"Stop the Executions" Rally in Youngstown, Jan. 14, 2007
Eye Wittness Report,
On Sun., Jan. 14, in spite of drenched clothing and the state's videocameras, a crowd of about 80 people maintained their high spirits at the driveway into the Ohio State Penitentiary in Youngstown, OH. As a protest against the death penalty in honor of Dr. Martin Luther King Jr's birthday (Jan.15), it seemed appropriate that the sounds of "We Shall Overcome" rose up from the group, led by the activist community group Black on Black Crime from Cleveland which had brought a large contingent. They also led the crowd in their trademark chant of "No truth! No justice! No peace!" Soon after that, additional chanting started up around the huge "Stop the Executions!" banner, "What do we want? To end the death penalty! When do we want it? Now!"
In addition to the local groups strongly represented, Youngstown Prison Forum, LOOP (Loved Ones Of Prisoners), and Youngstown Peace Action, Cleveland organizations were there in force. The Cleveland Lucasville Five Defense Committee, one of the sponsoring organizations, arranged for a van and coordinated a car caravan. The Cleveland Coalition Against the Death Penalty brought people and signs. And Black on Black Crime provided not just many carloads, but all of the energy to match. Look out, State of Ohio, here they come!
Many people were there because of a prisoner letter campaign in which prisoners did outreach to other prisoners and to family and friends to bring people to the rally. As relatives held up signs with their loved ones' names, it became a way to network for future organizing to cement a coordinated strategy for success. Some of the mothers have set up a website of their own, www.ourfight4justice.com. Check it out.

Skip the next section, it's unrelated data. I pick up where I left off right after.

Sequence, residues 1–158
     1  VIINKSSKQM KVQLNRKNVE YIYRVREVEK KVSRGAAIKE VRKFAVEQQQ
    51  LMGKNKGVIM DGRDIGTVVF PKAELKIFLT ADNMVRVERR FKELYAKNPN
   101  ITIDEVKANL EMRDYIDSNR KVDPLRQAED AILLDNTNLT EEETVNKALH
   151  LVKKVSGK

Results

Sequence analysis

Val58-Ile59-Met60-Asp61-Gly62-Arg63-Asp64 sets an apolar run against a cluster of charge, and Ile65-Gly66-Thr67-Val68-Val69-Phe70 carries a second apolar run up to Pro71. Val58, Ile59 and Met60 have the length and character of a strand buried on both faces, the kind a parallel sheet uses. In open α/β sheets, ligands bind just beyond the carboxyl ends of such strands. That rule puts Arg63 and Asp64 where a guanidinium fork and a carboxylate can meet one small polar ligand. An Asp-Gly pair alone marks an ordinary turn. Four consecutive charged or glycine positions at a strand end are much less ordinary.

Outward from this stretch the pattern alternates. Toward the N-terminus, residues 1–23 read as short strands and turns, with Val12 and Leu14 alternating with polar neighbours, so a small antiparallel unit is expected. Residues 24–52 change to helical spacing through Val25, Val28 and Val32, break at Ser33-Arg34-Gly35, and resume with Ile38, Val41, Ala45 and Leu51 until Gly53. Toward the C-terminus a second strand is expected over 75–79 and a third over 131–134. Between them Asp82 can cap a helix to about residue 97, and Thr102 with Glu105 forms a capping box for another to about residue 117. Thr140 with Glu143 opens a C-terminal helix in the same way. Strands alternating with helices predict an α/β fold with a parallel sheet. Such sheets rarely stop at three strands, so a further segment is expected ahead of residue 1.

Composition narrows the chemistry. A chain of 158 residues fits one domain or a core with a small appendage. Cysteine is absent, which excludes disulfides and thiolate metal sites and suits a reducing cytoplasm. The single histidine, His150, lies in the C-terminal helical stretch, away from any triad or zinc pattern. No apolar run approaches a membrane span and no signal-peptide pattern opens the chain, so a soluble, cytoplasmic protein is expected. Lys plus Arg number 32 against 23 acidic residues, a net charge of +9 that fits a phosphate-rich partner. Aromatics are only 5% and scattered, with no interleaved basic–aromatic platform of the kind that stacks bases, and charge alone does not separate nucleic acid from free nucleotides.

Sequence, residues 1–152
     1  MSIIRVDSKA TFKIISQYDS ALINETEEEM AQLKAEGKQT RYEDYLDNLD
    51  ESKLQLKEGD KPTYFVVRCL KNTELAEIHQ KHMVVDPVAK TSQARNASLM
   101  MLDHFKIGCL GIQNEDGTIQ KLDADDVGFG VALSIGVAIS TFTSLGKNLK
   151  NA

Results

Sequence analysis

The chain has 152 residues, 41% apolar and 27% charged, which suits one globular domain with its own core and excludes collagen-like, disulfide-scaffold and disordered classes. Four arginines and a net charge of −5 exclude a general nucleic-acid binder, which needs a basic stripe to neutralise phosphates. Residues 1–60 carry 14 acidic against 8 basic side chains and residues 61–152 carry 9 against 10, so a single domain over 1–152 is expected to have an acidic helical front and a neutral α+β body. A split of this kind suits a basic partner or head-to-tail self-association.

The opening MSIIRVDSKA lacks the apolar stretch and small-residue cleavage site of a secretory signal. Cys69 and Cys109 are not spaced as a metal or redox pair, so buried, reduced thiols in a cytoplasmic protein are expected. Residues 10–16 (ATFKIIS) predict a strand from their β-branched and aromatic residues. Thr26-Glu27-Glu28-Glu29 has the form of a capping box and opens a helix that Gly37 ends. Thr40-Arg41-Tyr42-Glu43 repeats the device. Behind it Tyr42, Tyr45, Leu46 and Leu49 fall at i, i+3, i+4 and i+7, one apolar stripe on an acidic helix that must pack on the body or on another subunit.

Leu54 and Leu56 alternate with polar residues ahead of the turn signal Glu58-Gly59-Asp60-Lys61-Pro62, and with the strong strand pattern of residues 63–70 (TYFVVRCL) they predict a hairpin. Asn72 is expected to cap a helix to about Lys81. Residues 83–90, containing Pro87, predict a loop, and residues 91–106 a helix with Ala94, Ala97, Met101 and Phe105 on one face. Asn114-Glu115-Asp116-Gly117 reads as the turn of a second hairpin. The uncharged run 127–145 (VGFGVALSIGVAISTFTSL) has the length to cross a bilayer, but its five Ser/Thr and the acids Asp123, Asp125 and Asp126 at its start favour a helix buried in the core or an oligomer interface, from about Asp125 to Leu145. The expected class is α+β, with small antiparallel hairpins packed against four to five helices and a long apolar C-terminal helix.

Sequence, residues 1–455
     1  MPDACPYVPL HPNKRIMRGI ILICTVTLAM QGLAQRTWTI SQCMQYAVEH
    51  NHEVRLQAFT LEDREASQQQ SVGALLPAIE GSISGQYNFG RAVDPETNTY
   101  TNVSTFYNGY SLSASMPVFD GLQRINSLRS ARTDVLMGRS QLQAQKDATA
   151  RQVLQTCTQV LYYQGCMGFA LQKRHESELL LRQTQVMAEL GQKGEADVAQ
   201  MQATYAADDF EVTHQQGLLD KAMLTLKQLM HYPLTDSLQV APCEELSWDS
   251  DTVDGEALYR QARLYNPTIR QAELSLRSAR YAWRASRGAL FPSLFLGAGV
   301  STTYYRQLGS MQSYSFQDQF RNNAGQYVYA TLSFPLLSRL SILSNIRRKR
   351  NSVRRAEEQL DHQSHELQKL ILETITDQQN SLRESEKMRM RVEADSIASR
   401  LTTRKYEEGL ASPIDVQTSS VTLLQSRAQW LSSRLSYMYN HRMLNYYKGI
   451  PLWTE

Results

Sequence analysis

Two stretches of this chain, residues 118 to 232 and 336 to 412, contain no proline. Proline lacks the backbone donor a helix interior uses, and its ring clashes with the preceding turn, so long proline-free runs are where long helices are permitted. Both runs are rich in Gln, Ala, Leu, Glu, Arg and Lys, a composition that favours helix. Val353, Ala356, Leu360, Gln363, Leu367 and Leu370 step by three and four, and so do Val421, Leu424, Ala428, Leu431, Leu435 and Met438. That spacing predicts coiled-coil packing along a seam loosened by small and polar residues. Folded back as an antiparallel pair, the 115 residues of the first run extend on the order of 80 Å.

Sunday's rally was a kickoff to a new campaign and a new era. We have a new governor in Columbus. We have a new level of coordination and energy. We will be challenging the barbaric, racist death penalty which targets the poor and murders the innocent. And we will be making our case for the overturning of all Lucasville rebellion-related convictions which were false and unjust in the first place. Thirteen years in solitary confinement is way more than long enough for crimes these men did not commit in the first place. We're on the move!
Death penalty opponents protest at state prison
Protesters promoted the cause of prisoners charged in the Lucasville riot.
By Don Shilling, The Vindicator
Jan. 15, 2007
YOUNGSTOWN - About 50 opponents of the death penalty gathered outside the Ohio State Penitentiary to send a message. "We have a new governor," said Susan Schnur, 49, of Cleveland. "We're hoping this is a starting point. We want Governor Strickland to see us."
The protest Sunday was organized by activists in Cleveland but also included Youngstown-area residents. The protesters were allowed to gather, chant and display signs on the side of a driveway leading into the Coitsville-Hubbard Road prison, which is home to Ohio's death row inmates. They staged the protest on the Martin Luther King Day weekend because of King's involvement in social justice.
Besides their general opposition to the death penalty, the protesters also were trying to raise public attention of "the Lucasville five."
The five men were found guilty of additional charges after the 1993 riot at a state prison in Lucasville. Atty. Staughton Lynd of Niles recently wrote the book "Lucasville - The Untold Story of a Prison Uprising" that claims the men were unfairly charged and had nothing to do with the death of prison guards.
Sharon Danann, 56, of Cleveland received a call from one of those Lucasville prisoners a few months ago and gathered her activist friends to form the Lucasville Five Defense Committee. They are pushing for pardons for all men charged in the riot because they say the investigation was not handled properly.
Danann and others are part of groups in Cleveland that fight for social causes. Danann said the turnout for the protest exceeded her expectations.
Reasons for opposition